Part of the problem is that carriers are at first deploying 5G on their 4G infrastructure. This non-standalone 5G allows the major telecoms to offer nationwide 5G coverage, even though the offerings generally fall far short of 5G's capabilities and the expectations set in advertisements. In August 2020, T-Mobile launched a standalone 5G network using the low-band 600 MHz spectrum, but early tests suggest it's not much faster than non-standalone networks.

This will take many years

Most 5G service available now is low band and therefore not radically faster than good 4G service. High band is sometimes called millimeter wave, or mmWave, because the radio signals are 1- to 10-mm wide, or roughly the size of a raindrop. A low-band, 600 MHz radio wave, by contrast, is half a meter long.

But these tiny mmWaves are easily absorbed by buildings, trees, and even windows. And their range can be measured in meters, not kilometers. That means you need to be super-close to an mmWave transceiver/cell to get that mind-blowing speed and near-instantaneous response, and therefore the higher the wavelength, the more cells will be needed.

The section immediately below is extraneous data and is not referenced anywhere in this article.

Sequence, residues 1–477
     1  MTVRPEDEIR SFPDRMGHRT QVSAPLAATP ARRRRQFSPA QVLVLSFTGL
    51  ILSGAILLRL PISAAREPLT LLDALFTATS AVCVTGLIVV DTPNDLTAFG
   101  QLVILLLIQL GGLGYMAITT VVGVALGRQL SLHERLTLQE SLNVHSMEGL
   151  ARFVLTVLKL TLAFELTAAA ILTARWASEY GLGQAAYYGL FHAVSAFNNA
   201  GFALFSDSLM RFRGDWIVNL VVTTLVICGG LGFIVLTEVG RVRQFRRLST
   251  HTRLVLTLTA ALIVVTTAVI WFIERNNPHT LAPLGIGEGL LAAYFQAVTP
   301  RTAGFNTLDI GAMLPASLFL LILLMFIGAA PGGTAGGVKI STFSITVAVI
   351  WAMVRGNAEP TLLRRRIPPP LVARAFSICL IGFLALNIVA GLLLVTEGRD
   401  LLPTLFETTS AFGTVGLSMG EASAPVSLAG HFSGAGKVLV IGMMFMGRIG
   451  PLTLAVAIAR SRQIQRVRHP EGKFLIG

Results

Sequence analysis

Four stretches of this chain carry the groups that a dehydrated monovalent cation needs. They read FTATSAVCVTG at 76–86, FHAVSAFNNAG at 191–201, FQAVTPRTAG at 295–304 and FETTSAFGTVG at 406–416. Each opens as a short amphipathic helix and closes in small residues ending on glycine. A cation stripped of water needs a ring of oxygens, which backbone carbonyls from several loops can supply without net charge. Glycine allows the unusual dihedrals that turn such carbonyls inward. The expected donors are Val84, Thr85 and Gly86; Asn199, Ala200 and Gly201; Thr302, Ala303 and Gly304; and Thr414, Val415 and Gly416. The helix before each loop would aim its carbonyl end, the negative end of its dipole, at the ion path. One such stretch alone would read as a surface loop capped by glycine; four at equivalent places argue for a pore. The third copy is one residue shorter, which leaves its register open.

In a city, the buildings themselves present obstacles for 5G signal. But it's not easy even in the country, where hills and trees get in the way. The days when you can go for a long drive from the city out to a ski resort and have steady, high-speed 5G signal all along the way are some time off.

So should I buy a new 5G phone or not?

If you're already in the market for a new phone—or you're one of those people who simply have to have the whizziest handset available—feel free to get a 5G phone. Just don't expect it to be that much better than your old 4G one. And by the time more advanced 5G services are available, you'll probably be ready for a new one.

If the phone you want has 5G support, that support is, at worst, harmless. You probably want other features and cost to drive the purchase decision.

The good news is that, so far at least, costs for 5G service from the major U.S. telcos fall pretty much in line with costs for 4G, assuming you opt for a plan with unlimited data. Whether they stay that way, who knows?

When will we see advanced 5G features?

The real fun starts when telecoms deploy their mid- and high-band standalone 5G networks at scale, which should happen between 2021 and 2023, says Jeff Edlund, CTO of communications and media solutions at Hewlett Packard Enterprise.

Two key features make standalone 5G radically different from any of the Gs that came before, says Edlund. The first is network slicing. This allows operators to divvy up their bandwidth to deliver three different types of services:

  • Enhanced mobile broadband (eMBB), which is a really fat pipe for downloading content. You could use it to download a 4K version of "Mad Max: Fury Road" in less than a minute or stream all three "Matrix" movies at the same time. It could also be used to connect surveillance cameras, deliver telemedicine, provide fixed wireless broadband to homes and businesses, and enable other bandwidth-hungry services.